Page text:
Least year I had three of my four parathyroids removed. Along with roughly half of my father’s extended family, I have inherited a condition called MEN 1 which causes hyperparathyroidism. I’ve experienced some effects of this condition in recent years, including nausea and tiredness. By far the most irritating, however, has been persistent and recurring kidney stones, precipitated by excessive calcium absorption due to the overactive glands.

Surgery has largely eliminated these particular problems, improving overall mood and well-being as a consequence. Additionally, some unexpected effects have emerged. Firstly, my life-long impulse to consume copious volumes of sweets seems to have evaporated. I’ve long had an intense sweet tooth. I would frequently binge on candy, able to tolerate what turned out to be more than the normal limit. Now, trips to the local candy store with my coworkers, something I used to organize, no longer interest me much. When I do go, I tend to get much less than before.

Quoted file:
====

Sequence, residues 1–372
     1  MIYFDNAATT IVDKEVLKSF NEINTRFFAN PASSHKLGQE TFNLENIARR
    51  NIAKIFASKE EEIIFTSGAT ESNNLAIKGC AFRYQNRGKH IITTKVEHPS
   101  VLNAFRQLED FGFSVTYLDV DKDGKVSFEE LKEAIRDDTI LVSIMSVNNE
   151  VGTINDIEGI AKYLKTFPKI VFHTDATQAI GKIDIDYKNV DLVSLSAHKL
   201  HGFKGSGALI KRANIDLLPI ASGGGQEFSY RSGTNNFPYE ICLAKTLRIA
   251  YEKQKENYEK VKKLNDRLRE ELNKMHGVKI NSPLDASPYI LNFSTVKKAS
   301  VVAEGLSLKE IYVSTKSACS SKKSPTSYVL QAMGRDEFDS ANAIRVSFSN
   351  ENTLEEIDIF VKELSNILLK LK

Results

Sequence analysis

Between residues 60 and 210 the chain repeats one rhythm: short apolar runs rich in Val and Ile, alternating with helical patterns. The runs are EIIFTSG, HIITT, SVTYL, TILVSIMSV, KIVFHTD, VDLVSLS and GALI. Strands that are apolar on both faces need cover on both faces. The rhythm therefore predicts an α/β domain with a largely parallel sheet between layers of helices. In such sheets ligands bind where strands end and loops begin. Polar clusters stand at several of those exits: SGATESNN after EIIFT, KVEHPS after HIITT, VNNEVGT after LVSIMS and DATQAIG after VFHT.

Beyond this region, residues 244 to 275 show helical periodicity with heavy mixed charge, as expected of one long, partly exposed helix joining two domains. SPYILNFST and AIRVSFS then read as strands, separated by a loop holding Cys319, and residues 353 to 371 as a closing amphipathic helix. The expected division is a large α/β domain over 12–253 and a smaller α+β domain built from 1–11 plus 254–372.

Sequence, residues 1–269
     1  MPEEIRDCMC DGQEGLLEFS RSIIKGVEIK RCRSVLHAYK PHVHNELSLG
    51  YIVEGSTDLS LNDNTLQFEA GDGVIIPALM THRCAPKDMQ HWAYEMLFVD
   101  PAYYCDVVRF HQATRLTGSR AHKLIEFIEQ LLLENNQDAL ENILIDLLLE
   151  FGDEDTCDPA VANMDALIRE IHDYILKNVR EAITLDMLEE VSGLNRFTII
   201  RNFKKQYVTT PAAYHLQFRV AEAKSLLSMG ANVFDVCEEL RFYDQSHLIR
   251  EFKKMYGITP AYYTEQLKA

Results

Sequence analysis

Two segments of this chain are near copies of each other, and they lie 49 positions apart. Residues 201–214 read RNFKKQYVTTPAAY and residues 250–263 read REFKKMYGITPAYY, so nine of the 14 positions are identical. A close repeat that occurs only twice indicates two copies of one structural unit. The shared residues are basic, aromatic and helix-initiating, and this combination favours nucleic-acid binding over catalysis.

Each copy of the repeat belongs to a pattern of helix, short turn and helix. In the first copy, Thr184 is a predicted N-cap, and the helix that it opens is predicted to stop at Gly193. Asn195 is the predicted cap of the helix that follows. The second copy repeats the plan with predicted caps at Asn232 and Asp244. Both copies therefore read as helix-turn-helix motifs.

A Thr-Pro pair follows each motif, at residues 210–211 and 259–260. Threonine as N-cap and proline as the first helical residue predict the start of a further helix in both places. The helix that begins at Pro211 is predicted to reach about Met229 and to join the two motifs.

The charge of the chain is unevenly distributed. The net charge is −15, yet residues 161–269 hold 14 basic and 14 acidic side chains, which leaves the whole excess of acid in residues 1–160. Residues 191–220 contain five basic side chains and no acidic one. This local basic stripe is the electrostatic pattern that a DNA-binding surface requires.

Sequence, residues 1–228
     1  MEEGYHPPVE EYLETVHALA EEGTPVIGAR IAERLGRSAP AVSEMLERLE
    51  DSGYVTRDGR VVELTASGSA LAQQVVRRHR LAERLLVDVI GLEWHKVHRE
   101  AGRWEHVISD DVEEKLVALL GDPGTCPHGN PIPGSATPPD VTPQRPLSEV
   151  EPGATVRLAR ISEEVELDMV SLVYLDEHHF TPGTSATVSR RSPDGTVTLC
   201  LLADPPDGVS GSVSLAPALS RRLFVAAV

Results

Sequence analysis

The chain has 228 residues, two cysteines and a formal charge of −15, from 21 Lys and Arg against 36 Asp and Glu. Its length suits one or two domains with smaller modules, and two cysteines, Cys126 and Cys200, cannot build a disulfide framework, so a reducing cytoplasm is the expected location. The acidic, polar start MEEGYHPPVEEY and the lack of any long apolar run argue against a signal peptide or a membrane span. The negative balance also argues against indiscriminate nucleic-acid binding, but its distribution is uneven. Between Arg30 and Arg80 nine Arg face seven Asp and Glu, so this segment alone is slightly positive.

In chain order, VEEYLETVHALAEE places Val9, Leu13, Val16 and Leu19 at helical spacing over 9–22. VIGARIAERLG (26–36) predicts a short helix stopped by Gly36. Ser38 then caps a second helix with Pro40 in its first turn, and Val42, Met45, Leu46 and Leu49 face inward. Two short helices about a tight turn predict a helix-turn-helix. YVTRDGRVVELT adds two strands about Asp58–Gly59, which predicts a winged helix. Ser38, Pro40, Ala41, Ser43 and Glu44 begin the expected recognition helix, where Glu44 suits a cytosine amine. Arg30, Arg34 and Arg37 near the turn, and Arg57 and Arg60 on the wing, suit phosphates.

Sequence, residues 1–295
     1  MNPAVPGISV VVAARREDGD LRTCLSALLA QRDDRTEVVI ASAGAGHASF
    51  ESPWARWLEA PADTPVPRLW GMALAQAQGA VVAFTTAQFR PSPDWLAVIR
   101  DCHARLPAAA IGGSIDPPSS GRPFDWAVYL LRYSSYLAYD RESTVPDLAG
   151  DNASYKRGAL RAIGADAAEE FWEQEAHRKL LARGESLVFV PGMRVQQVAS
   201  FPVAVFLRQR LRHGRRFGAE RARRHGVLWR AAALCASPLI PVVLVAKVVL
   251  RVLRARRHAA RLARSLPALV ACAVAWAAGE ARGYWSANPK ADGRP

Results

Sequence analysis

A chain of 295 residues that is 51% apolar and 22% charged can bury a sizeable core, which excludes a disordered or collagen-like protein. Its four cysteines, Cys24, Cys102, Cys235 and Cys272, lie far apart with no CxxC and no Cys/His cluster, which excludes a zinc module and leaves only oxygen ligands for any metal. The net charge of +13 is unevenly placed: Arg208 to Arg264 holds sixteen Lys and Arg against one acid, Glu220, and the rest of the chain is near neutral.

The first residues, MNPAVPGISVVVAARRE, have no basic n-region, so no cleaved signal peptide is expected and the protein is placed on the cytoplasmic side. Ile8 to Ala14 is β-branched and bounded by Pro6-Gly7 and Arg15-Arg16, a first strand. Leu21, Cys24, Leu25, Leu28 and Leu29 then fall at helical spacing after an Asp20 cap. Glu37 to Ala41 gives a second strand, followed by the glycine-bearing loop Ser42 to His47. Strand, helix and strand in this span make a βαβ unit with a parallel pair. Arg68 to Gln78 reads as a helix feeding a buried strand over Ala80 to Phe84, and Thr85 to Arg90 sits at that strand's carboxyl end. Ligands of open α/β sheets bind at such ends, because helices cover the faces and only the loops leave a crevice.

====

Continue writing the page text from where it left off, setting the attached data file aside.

The most notable unexpected change is my sudden taste for, of all things, beer. I’ve long been disinterested in beer, finding very few that appealed to me in any way. Since surgery, however, I am finding that I enjoy it much more than before, to the point where I am now actively interested in trying new beers and keeping track of what I enjoy. It is unclear what mechanism of my rectified biochemistry is responsible for this change, but it is a truly strange experience. It almost feels as if I am, somehow, slightly more “normal” than before.

These changes serve to remind how much of our mood, taste, and personality is, ultimately, our biochemistry.